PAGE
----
The rapid pace of change has forced payment companies to collaborate more often, a posture that will help the industry in the future, even if EMV and other innovation disrupts the market.
Unlike the entertainment industry, which initially tried to stop the advancement of new ways of listening to music or watching movies, the payments industry is now embracing change and seeking better ways to serve merchants and consumers, said Jason Oxman, CEO of the Electronic Transactions Association, during the Financial Services Roundtable's BITS Emerging Payments Forum in Washington, D.C. on June 3.
"We are doing well in collaborating, as you see associations and institutions working with Apple, Samsung and Google to make mobile payments happen," Oxman said. "The good news is that no one is looking to completely upend the ecosystem, or get people away from their banks or credit card numbers. We are just changing the way they interact with them."
The development of the EMV Migration Forum nearly three years ago marked the first time the entire payments industry came together to address issues regarding the conversion from mag-stripe technology to chip cards, said Randy Vanderhoof, executive director of the Smart Card Alliance and EMV Migration Forum.
"I wouldn't quite agree that we are all aligned working clearly together yet, but we have made great strides in the last few years," Vanderhoof said.
Many in the industry came to forum sessions with preconceived notions about how the others operated their businesses, Vanderhoof said. "Through dialogue and discussion, and some rather heated arguments, everyone learned about what the others' roles were and they were enlightened to the understanding that there are things about the ecosystem that need to be changed for the betterment of everyone."
That type of understanding has been a side benefit of the card networks' short window for the mandated Oct. 1, 2015 EMV liability shift taking hold only a few years after the migration was announced, Vanderhoof said. It will serve the industry well when future discussions about tokenization, mobile payments and data security take place, Vanderhoof added.
Proof of such improved harmony would have to come from the voices of retail leaders, considering the retail industry has engaged in payments squabbles on various fronts. Retailers have legal battles with card networks over interchange rates, have been vocal about a preference for chip-and-PIN over the chip-and-signature standard taking hold in the U.S., and have suffered consumer trust fallout over the mounting data breaches taking place despite paying for Payment Card Industry security standard compliance.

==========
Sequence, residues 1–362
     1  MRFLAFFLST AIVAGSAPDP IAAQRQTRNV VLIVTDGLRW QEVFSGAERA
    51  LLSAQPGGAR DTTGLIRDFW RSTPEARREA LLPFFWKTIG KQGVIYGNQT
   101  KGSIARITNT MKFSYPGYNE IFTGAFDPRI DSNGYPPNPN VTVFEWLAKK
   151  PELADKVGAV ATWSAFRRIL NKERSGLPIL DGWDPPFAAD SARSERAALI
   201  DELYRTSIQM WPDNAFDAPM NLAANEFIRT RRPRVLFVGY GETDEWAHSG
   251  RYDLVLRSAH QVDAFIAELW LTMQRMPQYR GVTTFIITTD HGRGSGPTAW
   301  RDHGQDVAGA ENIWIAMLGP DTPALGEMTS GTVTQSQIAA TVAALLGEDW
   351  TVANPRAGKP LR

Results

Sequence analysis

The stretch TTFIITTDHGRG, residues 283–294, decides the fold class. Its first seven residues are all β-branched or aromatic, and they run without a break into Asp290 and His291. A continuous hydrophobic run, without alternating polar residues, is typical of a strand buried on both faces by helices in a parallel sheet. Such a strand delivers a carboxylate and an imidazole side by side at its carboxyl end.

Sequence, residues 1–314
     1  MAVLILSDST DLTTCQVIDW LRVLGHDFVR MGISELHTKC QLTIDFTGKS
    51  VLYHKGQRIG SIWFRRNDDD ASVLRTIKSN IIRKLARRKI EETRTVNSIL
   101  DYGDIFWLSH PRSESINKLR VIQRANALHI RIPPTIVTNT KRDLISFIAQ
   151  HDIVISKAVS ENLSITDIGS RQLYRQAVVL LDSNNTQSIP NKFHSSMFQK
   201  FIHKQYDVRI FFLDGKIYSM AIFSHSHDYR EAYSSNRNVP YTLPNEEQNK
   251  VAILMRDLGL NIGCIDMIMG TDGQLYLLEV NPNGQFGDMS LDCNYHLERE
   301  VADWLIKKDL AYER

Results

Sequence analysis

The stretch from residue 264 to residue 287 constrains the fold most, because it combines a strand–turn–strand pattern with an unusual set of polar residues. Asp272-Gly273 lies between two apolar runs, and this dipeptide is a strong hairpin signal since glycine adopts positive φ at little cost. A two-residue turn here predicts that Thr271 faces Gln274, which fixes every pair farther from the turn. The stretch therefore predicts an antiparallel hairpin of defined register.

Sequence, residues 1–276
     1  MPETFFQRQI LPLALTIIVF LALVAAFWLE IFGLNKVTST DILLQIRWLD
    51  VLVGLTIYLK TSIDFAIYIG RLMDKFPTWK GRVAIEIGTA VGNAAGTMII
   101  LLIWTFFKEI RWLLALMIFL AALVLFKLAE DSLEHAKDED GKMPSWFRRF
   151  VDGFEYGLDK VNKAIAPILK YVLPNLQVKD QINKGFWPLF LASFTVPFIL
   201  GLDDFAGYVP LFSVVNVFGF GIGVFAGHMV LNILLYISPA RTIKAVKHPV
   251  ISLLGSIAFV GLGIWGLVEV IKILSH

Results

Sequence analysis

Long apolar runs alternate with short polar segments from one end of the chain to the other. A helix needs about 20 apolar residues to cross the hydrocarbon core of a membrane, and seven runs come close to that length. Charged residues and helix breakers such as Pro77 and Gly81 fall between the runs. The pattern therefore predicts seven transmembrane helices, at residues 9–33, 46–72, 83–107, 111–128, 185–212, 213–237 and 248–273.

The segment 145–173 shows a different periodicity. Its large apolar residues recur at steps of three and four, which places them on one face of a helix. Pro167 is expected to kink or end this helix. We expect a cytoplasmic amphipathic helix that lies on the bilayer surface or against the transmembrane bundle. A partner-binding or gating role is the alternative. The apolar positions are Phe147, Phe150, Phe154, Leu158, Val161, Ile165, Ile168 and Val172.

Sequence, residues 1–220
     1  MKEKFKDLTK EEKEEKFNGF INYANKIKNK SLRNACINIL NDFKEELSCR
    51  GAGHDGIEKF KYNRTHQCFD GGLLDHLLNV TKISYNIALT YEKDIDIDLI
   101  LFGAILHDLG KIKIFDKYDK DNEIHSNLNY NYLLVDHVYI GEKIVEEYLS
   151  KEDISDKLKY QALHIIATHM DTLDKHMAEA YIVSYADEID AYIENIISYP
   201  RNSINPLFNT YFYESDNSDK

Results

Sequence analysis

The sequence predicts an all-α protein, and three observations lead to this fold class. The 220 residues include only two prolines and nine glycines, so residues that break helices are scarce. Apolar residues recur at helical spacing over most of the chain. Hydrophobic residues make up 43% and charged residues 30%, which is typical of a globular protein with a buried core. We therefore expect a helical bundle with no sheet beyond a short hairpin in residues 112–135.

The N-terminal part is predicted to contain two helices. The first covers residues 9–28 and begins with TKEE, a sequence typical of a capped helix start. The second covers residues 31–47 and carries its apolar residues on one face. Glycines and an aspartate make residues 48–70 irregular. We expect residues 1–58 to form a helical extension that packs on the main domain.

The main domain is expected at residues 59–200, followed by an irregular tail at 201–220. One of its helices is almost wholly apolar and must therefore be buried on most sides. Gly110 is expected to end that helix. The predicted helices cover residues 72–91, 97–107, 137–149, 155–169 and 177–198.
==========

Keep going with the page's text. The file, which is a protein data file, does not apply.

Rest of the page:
"It will surprise some, but I agree that collaboration is key for the short-term solution and the long-term solutions," said Brian Dodge, executive vice president of the Retail Industry Leaders Association.
Even though he professed his belief that chip-and-PIN is the most secure option, Dodge agreed that all industry players are serving the same customers, but have different incentives in the process.
"The more we talk about these issues and understand the points of view of others, the better it will be for everyone," Dodge said.
However, collaboration is always put to the test when the topic is something as complex as the payments ecosystem, said Jason Kratovil, vice president of government affairs for payments for Financial Services Roundtable.
The flip side to any good vibes about payment collaboration is that the industry faces "a palpable dark underbelly of tension" in which all of the new players and new interests being driven by innovation leave many questioning who is in control, Kratovil said.
"What is the future going to look like, and who is going to be in charge of dictating the way all of the disparate players in the ecosystem interact with each other?"
In the near term, that creates the most tension and has to be resolved, Kratovil added. "When it is resolved, that will open the floodgates and encourage everyone in the ecosystem to move forward in a more holistic way."
The key question that payments leaders will have to answer is why a consumer would move from a payments network that has worked well for decades into a new technology for paying, ETA's Oxman said.
"We know consumers love mobile devices," Oxman said. "There are now 330 million mobile subscriptions in place for 320 million Americans."
With that backdrop and the productivity that mobile devices promise, it makes sense that Android Pay touted a loyalty program attached to its mobile pay system and that Apple Pay is certain to add one soon, Oxman said.
However, payments innovation discussions in the coming years are not likely to push for major changes in the ecosystem.
"Our payments system, the payments networks and the banking networks are not going to go anywhere," Oxman said. "They are robust, secure and reliable. They may get upgraded, but the emphasis will be on implementing new means of transactions within those networks."
Though technology changes rapidly, payments innovation moves slowly.
Still, consumers may soon enter a different shopping world in which payments are somewhat "taken out of the equation," said Vanderhoof of the EMV Migration Forum.
"We will see a fundamental shift away from the static payment [card] identifier to a different form of authentication," Vanderhoof said.
In that world, a consumer will walk into a store, be alerted about various deals and offers, but have a payment authorization and method in place that the store is already aware of, Vanderhoof added.